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With more than 50 non-fiction books and numerous magazine articles to his credit, Allen Wyatt is an internationally recognized author. He is president of Sharon Parq Associates, a computer and publishing services company.
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Please Note: This article is written for users of the following Microsoft Word versions: 97, 2000, 2002, and 2003. If you are using a later version (Word 2007 or later), this tip may not work for you. For a version of this tip written specifically for later versions of Word, click here: Special Differences when Searching.
Word includes a powerful search feature that allows you to find information based on just about every conceivable condition. As covered in other issues of WordTips, you can even use wildcards (Word's term for what programmers call regular expressions) in your searching. Here's a tip you may not have known, however.
When you use the normal search capabilities of Word (in other words, Use Wildcards is turned off), the Special button at the bottom of the Find dialog box displays different special characters for which you can search. If you do a wildcard search (the Use Wildcards check box is selected), the options available when you click on Special are changed to reflect the special needs of using wildcards in your searching.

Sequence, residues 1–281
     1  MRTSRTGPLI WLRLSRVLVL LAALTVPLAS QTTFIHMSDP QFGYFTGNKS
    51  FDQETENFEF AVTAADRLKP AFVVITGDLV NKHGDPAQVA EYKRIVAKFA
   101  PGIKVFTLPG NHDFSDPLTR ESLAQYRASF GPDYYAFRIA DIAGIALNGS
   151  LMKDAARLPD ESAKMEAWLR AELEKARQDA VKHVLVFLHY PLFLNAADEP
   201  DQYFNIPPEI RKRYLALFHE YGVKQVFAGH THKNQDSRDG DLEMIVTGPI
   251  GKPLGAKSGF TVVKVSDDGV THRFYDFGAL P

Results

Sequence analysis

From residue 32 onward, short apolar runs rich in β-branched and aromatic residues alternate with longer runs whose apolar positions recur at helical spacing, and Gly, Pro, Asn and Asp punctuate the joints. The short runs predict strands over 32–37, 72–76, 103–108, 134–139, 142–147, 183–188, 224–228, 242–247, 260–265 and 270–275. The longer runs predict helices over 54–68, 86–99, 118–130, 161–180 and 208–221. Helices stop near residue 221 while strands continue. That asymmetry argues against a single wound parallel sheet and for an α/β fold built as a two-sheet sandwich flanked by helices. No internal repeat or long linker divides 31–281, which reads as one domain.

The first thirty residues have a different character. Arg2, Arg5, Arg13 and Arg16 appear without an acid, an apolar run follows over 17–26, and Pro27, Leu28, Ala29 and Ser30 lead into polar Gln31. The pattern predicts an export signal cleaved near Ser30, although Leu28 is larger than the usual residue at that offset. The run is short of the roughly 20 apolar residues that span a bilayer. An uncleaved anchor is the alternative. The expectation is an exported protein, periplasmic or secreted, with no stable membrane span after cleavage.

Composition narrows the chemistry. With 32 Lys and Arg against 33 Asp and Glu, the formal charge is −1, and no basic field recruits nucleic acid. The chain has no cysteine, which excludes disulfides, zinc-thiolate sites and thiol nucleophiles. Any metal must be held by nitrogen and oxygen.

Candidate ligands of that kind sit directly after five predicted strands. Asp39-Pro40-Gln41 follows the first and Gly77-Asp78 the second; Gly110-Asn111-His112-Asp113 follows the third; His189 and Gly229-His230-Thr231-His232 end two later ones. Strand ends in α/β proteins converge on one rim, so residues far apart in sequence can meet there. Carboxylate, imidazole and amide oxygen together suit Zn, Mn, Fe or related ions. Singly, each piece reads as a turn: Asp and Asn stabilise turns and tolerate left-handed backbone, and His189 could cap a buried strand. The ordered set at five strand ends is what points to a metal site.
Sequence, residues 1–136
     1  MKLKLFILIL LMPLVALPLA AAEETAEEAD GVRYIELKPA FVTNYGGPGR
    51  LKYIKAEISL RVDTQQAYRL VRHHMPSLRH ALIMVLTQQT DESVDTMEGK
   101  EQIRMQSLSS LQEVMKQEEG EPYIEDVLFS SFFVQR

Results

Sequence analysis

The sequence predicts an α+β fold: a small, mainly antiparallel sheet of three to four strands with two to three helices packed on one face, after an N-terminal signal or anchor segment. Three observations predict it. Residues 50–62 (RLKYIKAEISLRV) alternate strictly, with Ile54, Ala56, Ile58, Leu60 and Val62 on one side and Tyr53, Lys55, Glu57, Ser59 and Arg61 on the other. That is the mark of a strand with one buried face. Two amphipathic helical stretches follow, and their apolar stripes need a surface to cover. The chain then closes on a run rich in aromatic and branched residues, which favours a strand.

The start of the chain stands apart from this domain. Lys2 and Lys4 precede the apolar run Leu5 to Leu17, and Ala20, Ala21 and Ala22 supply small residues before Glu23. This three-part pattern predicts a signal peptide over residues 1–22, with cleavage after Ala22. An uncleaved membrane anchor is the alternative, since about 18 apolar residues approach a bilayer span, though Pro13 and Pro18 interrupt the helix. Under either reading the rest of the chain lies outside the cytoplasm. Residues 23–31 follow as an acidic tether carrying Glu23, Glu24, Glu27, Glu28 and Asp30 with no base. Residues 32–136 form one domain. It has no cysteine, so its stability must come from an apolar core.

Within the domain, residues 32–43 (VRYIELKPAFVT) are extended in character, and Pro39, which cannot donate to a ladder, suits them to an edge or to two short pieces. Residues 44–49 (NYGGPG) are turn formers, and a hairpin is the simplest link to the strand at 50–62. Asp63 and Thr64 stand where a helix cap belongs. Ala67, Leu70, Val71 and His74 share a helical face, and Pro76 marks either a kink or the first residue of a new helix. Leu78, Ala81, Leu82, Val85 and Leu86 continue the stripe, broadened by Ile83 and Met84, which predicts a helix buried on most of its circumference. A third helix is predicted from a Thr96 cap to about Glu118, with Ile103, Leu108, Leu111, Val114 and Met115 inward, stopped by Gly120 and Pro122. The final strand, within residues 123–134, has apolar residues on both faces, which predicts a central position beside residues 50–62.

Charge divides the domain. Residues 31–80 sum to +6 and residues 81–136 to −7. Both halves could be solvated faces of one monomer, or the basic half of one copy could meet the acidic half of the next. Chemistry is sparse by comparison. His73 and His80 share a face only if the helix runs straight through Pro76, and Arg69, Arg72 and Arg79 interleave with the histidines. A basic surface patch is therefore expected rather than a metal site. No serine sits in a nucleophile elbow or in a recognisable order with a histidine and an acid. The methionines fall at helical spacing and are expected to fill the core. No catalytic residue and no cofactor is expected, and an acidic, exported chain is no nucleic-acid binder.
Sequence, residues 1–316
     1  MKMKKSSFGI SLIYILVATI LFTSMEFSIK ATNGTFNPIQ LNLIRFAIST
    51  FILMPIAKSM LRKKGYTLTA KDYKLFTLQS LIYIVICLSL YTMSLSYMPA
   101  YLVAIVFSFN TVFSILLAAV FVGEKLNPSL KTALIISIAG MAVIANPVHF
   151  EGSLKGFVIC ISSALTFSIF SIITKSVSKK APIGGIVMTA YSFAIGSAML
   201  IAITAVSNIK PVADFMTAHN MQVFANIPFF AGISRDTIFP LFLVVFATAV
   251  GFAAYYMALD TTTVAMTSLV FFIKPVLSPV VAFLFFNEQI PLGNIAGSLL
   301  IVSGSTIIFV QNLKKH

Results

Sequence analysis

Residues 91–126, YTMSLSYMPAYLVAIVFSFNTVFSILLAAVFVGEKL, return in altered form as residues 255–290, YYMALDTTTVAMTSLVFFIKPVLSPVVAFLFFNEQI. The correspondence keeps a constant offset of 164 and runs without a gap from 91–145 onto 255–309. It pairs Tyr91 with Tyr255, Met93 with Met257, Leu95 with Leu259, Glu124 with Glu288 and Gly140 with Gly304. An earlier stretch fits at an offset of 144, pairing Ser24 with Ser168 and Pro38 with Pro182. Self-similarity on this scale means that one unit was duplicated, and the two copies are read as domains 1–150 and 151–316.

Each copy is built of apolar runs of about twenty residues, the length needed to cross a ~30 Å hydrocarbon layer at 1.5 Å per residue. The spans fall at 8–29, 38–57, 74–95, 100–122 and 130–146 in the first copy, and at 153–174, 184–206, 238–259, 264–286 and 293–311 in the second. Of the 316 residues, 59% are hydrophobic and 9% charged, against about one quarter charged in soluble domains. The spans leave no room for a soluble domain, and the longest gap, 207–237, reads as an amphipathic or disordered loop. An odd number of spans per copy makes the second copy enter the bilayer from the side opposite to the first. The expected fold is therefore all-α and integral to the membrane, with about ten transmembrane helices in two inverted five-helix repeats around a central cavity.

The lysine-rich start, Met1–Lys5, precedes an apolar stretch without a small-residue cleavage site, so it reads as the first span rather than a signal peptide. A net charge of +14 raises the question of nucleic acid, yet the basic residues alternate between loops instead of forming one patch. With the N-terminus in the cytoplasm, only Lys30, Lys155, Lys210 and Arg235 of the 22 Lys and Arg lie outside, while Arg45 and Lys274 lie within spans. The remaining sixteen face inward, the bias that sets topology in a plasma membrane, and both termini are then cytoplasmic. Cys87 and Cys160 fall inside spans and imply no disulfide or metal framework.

Why is this a big deal? Because along with the power available by using wildcards in your searching comes additional complexity. Sometimes it is hard to remember the meaning of the different special wildcard characters. Remembering that the Special button displays the necessary characters helps make using wildcards easier.
WordTips is your source for cost-effective Microsoft Word training. (Microsoft Word is the most popular word processing software in the world.) This tip (853) applies to Microsoft Word 97, 2000, 2002, and 2003. You can find a version of this tip for the ribbon interface of Word (Word 2007 and later) here: Special Differences when Searching.
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